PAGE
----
Hands On: Samsung 8000 LED 3D TV
Samsung's 8000 Series LED 3D TV meets all the requirements of a consumer who wants a top-of-the-line TV.
A recent report indicates consumers aren’t buying 3D TVs. The conclusion of some experts, which I believe to be correct, is that big-box stores don’t know how to sell high-performance A/V gear.
This brings me to Samsung’s 8000 Series of LED TVs. Samsung positions this fantastic product line as the second from the top offering, and my fear is that these TVs may languish on store shelves unless they’re put in the hands of CE pros to showcase.
The 0.9-inch thin 8000 Series is available in three screen sizes: 46-, 55- and 65-inch, and features a brushed titanium Touch of Color industrial design. The fully backlit, Energy Star-certified LED display is said to produce an 8,000,000:1 contrast ratio, and it offers performance features such as 240Hz motion processing.
On the entertainment side, the 8000 Series incorporates wireless (with an adapter), DLNA connectivity, Skype, web apps such as Netflix, Pandora, Blockbuster and Twitter, and active-shutter 3D video support.
Samsung shipped me three boxes: the TV (a 46-inch model), a BD-C6800 3D Blu-ray disc player, and its 3D starter kit, which included active-shutter 3D glasses and a Blu-ray 3D of Monsters vs. Aliens.
I fastened the TV’s feet to the TV adapter plate using four Philips screws and secured the assembled stand to the back of the TV with four more Philips screws. I connected a NextGen HDMI 1.4 cable to the BD player and the TV, and then hooked the TV to an Ethernet cable via the supplied dongle. I ran three sets of RCA cables from the BD player to the multichannel inputs of a Rotel RSX-1560 receiver.
The rest of the setup was done in the BD player’s and TV’s menus. Once I saw how aggressive the images looked, I started by setting the color temp to normal, the MPEG and noise filters to auto and the smart LED function to normal. I also turned off black tones, edge enhancement and dynamic contrast controls, before finishing up by resetting the gamma and adjusting color, contrast, black, hue and sharpness controls.
Stunning Image Quality
I have one word for the image quality: stunning. There is a caveat though … it really needs to be calibrated. Out of the box the images are vivid and colorful, with deep blacks and bright whites that border on over-driven. The reds were also borderline clipping, and the image did display some over-sharp, edge enhancement video noise.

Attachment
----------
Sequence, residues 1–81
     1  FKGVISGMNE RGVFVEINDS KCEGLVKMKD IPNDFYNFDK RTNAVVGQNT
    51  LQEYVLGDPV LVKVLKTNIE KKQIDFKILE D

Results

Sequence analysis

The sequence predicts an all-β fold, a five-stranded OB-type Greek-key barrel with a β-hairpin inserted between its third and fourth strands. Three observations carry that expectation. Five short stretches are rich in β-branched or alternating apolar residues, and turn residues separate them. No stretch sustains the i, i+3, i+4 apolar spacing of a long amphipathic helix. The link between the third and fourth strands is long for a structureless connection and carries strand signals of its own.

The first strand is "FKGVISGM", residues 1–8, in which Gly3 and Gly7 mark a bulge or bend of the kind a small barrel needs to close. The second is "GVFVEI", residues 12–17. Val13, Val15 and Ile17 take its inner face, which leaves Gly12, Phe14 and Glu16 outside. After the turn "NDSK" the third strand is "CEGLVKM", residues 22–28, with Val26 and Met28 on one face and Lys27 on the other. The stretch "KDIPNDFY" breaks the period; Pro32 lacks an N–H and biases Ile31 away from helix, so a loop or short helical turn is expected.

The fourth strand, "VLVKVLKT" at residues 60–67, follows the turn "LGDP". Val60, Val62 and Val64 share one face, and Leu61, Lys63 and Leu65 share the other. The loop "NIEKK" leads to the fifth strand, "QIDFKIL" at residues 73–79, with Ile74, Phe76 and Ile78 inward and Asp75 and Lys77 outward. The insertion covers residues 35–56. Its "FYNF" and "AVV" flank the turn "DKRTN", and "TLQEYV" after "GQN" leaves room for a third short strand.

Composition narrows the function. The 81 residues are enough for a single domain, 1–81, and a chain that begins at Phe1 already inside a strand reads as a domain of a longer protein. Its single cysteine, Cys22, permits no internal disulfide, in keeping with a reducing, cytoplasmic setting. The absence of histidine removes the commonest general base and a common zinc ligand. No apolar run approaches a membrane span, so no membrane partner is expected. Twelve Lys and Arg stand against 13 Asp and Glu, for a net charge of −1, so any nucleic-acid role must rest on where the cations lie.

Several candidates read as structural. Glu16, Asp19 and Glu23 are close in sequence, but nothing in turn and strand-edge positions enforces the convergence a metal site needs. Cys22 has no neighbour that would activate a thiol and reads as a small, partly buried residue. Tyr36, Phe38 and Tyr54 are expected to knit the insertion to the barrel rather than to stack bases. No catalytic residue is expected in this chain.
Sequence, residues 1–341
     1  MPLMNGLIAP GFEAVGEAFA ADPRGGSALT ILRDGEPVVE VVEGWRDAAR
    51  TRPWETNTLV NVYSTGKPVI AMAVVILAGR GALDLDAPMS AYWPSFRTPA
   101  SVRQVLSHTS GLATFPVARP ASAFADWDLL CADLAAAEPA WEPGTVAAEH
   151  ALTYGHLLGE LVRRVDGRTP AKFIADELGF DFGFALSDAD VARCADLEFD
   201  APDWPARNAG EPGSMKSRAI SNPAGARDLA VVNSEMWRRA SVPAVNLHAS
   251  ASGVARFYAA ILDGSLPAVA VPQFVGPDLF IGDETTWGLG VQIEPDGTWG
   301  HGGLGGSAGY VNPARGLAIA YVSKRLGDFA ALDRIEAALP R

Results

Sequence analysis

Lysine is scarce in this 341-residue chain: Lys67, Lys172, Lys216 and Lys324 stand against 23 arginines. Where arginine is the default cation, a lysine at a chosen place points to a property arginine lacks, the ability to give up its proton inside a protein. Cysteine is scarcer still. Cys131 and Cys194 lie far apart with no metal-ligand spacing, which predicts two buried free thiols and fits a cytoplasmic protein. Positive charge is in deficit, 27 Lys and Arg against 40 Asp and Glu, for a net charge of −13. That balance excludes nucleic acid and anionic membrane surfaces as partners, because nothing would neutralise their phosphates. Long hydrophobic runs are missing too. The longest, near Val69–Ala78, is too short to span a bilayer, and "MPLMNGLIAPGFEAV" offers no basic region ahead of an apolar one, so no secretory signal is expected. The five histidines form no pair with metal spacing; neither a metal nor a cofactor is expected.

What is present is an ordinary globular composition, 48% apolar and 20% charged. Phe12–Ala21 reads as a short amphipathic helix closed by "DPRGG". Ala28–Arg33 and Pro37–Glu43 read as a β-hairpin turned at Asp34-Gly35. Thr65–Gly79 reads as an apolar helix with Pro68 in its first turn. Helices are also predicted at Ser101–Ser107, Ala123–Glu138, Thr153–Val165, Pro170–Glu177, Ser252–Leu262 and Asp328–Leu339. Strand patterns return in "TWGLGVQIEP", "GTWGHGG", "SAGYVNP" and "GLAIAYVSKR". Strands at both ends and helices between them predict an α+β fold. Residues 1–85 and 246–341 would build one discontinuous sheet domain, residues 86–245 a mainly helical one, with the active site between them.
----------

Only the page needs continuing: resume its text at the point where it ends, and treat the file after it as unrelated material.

After dialing in the TV, the 46-inch model rocked. Colors were deep, image noise was less apparent and image depth was as good as I’ve seen from a TV.
Grayscale detail like the scalar pattern on the black dragon in How to Train Your Dragon was very noticeable, and the contrast of bright dragon flames in the night sky in the movie’s opening scenes lit up the room. 3D content like Monsters vs. Aliens didn’t seem to lose any brightness and contrast, either, which can be problematic when switching from 2D.
Also, using the apps added a level of interest to my standard viewing habits that I hadn’t experienced before.
Combine the value (especially compared with the pricier 9000 Series), light weight, slim dimensions, industrial design and performance, and the 8000 Series should meet all of the requirements of a consumer that seeks a top-of-the-line TV.
Bob is an audio enthusiast who has written about consumer electronics for various publications within Massachusetts before joining the staff of CE Pro in 2000. Bob is THX Level I certified, and he's also taken classes from the Imaging Science Foundation (ISF) and Home Acoustics Alliance (HAA). Bob also serves as the technology editor for CE Pro's sister publication Commercial Integrator. In addition, he's studied guitar and music theory at Sarrin Music Studios in Wakefield, Mass., and he also studies Kyokushin karate at 5 Dragons in Haverhill, Mass. Have a suggestion or a topic you want to read more about? Email Robert at [email protected]
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